The Report to Congress in 1991 examined the detailed evidence, from various sources, of military collaboration between the factions from 1986 to 1991, and concluded that this evidence "does not substantiate a judgment that the NCR (Non-Communist Resistance) and the Khmer Rouge have been fighting as an integrated force. Nor is there evidence that
the NCR has been fighting under Khmer Rouge command. Nor is there evidence that the senior leaderships of the NCR and the Khmer Rouge are cooperating in strategic planning." The Report did nonetheless acknowledge that : "At the tactical level, however, there have been reports of use by some ANS units of Khmer Rouge supplies and logistical lines when they were operating in the same areas.......". At the same time, the Report recognized "the vulnerability of the marginally funded and supplied Non-Communist forces to pressure from the well-equipped Khmer Rouge to accept supplies." Firm assurances were given at the time by the two Non-Communist Commanders-in-Chief, Prince Ranariddh (of FUNCINPEC) and General Sak Sutsakhan (of the KPNLF ["Khmer People's National Liberation Front"] forces, known as "KPNLAF" ["Khmer People's
National Liberation Armed Forces"]) that clear directives had been sent to their field commanders against any diversion of non-lethal US aid or military co-operation.
In a nutshell, the main allegation in the "Observer" article, attributed to Ta Mok's lawyer, Benson Samay, is that:
"........the Khmer Rouge benefited substantially from the British operation. All these groups were fighting together - but the Khmer Rouge were in charge."
is factually untrue, and the evidence for this is not just limited to the 1991 Report to Congress, but is reflected in many documents at the time. Thus, the "Bangkok Post" on 29 March 1991 highlighted an action which the newspaper said was the "first ever" instance of cooperation between the KPNLF and the Khmer Rouge when a KPNLF unit ran short of ammunition during an engagement and had to appeal to the Khmer Rouge for resupply. Note this "first ever", repeated several times in the article. No doubt the local KPNLF commander had his knuckles firmly rapped, and not least by the Americans. The KPNLF did indeed have supply problems because the Chinese are believed to have restricted supplies of arms and ammunition at the time to both Non-Communist factions, possibly as a means of compelling co-operation with the KR.
The facts about British military training provided to the Non-Communist Resistance were given to the House of Commons in a Written Answer on 25 June 1991. The key sentences were: "The purpose was to strengthen the position of those forces in relation to the more powerful forces of the Khmer Rouge in their struggle against the Vietnamese imposed regime. There never has been, and never will be any British assistance or support for the Khmer Rouge."
I note that the "Observer" article repeats the old canard that the SAS "created a 'sabotage battalion' of 250 experts in explosives and ambushes". This story is taken from "Janes Defence Weekly" of 30 September 1989, which actually reported that it was four Cambodian instructors who had been trained by the SAS who set up the "battalion", and not the SAS themselves. Janes also reported in the same issue that the SAS training team consisted only of seven non-commissioned Falklands veterans and a captain. Not exactly a massive military intervention!
The objectives of British policy, which were to provide the Cambodian people with a non-communist alternative to two very powerful Communist movements, one supported by China and the other by the Soviet Union, have been totally vindicated by events. Prince Sihanouk is now His Majesty, King of Cambodia, the two non-communist factions have survived and one is now a coalition partner of the Cambodian People's Party. The principles of democracy, the rule of law and progress towards a market economy are now the ideals and objectives of the current Cambodian administration, and indeed of all established political parties in Cambodia. All this might not have happened if the Non-Communist Resistance had not received a measure of political and military support from Britain - and others - against dominant adversaries.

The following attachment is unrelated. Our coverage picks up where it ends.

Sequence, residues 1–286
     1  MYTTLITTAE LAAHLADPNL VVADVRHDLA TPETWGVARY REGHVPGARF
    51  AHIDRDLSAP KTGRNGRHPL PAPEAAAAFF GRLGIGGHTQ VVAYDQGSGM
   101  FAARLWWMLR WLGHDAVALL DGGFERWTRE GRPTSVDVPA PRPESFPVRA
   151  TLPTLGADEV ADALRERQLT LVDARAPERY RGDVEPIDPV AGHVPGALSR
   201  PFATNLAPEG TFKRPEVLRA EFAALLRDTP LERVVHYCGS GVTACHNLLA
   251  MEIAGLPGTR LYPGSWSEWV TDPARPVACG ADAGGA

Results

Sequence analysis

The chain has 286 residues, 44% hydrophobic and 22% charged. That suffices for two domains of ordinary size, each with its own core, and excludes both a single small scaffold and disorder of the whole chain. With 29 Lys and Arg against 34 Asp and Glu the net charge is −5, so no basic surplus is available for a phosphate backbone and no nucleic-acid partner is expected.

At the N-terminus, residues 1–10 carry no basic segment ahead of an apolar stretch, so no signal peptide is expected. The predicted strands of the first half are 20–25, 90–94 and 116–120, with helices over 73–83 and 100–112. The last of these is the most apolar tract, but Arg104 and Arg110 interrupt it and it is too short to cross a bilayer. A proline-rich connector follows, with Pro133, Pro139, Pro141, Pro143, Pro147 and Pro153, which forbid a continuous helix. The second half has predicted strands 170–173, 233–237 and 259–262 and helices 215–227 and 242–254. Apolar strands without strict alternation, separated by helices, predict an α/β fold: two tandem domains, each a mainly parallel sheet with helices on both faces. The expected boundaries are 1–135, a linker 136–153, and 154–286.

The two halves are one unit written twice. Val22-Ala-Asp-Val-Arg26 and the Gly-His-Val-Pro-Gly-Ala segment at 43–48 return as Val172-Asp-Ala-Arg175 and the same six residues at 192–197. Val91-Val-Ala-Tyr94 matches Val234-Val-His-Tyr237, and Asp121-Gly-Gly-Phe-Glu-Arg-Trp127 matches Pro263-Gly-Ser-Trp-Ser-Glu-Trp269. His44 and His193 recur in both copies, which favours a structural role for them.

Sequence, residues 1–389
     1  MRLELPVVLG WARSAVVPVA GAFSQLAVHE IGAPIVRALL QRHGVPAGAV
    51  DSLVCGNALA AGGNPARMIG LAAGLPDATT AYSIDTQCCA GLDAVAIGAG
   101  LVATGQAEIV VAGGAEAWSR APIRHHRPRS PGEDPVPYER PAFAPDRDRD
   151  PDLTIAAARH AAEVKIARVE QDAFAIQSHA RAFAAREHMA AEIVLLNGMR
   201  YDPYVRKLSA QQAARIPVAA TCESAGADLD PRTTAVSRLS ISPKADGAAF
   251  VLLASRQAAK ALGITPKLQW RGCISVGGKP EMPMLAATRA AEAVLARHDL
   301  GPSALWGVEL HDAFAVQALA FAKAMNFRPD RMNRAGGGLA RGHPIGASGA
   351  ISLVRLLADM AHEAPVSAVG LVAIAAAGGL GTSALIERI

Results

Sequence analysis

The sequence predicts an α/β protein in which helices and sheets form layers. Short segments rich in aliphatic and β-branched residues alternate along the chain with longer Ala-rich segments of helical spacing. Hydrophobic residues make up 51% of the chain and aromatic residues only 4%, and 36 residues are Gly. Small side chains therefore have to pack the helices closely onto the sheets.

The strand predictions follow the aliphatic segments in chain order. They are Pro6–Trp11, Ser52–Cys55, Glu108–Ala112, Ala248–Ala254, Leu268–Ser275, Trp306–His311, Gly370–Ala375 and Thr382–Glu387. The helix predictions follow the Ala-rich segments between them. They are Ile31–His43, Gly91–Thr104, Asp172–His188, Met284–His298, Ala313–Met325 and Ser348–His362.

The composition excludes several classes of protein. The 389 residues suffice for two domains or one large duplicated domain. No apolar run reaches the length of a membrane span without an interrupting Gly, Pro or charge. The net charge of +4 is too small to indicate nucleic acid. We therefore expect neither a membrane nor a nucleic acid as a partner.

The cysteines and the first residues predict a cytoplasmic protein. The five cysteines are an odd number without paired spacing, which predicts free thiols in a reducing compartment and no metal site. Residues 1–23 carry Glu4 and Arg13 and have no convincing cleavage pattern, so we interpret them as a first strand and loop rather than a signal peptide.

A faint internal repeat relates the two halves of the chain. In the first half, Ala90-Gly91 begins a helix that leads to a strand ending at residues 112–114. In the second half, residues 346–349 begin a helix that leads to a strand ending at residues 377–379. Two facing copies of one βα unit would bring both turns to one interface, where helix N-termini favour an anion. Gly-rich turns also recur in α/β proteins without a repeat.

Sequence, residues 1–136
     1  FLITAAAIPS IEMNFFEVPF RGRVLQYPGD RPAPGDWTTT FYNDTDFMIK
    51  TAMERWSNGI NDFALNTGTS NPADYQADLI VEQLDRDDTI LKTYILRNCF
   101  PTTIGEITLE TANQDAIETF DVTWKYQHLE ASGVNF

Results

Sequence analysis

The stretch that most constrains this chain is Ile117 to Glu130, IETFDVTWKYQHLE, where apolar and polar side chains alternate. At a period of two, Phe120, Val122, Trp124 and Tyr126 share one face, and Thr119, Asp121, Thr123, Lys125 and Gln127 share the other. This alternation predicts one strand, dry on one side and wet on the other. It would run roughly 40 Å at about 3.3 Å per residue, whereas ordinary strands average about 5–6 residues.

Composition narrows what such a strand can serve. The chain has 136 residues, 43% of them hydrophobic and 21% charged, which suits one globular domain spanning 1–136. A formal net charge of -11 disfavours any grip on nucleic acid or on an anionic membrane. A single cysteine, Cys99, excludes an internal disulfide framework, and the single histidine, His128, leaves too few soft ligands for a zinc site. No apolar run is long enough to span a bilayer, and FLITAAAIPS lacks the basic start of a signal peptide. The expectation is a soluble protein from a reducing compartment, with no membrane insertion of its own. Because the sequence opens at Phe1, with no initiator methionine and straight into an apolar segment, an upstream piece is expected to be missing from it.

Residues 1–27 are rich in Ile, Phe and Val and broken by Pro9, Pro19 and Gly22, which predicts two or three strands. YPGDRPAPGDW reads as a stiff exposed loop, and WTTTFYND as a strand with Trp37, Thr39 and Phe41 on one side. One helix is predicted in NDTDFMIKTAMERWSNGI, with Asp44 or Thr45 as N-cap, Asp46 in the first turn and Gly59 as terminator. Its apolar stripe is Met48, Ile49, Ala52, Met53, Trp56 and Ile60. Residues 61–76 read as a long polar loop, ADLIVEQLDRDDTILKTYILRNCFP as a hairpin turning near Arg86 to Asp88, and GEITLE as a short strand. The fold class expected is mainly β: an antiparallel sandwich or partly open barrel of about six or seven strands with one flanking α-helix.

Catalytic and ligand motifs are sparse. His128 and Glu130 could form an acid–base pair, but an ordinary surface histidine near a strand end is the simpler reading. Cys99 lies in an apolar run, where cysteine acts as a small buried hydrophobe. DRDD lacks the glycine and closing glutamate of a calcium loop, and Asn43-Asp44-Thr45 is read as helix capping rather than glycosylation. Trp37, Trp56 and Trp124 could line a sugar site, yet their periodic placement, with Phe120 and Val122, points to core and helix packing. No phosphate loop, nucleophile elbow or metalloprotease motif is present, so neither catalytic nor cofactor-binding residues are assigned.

We can only wait to see whether or not the Ta Mok trial will lead to new, or a repeat of old allegations about British involvement with the Khmer Rouge. There are however those who positively wallow in conspiracy theories, and can produce all manner of "fact" to support their allegations. It only needed one Khmer Rouge defector to say that he had seen (well he would, wouldn't he?) a jeep with six British army officers in uniform at his camp at "Nong Nhai" on the Thai border for this to be taken as evidence that six British army officers had indeed been giving training at this camp (wherever it was, if it indeed existed). But I ask you: would six British officers actually drive around a camp in uniform together in just one jeep? Would they not have been a little more discreet, since news of their presence, if true and made known publicly, would be bound to have had very serious domestic political consequences in the UK? It is indeed possible, and even understandable at the time
that PRK military commanders may genuinely have believed, or suspected that the British were up to no good. Rumours were very rife. The reality, however, as these commanders would later have realised, was that the British were not in any way involved with the KR.
The only "explanation" ever given of an alleged British national interest in assisting the KR is that Britain gave support to the Khmer Rouge at the request of the US, who had become too embarrassed and passed on this unwelcome chore to the British, who agreed to accept the task in recognition of US intelligence support given during the Falklands War. But is it remotely likely that the US would have made such a request to Britain? Is it remotely likely that Britain would have accepted? Is it remotely likely that anyone concerned in the chain of command (including myself) would have agreed to and carried out such totally unacceptable and morally repugnant instructions? The answer to all these questions is of course: not in a thousand years.
But the "conspiracy" theories, however illogical, unsustainable and bereft of serious evidence, will persist. For sensation-seekers, they are too good a story to miss to be too concerned about what actually happened.
[Derek Tonkin was British Ambassador to Vietnam 1980-82 and to Thailand and Laos 1986-89. He worked at the British Embassy in Phnom Penh 1961-63. He is currently a Director of Ockenden International, which has a refugee resettlement programme based at Sisophon in Western Cambodia, and he is also Chairman of Beta Mekong Fund Limited, a British venture capital investment fund for the six countries of the Mekong Region including Cambodia.]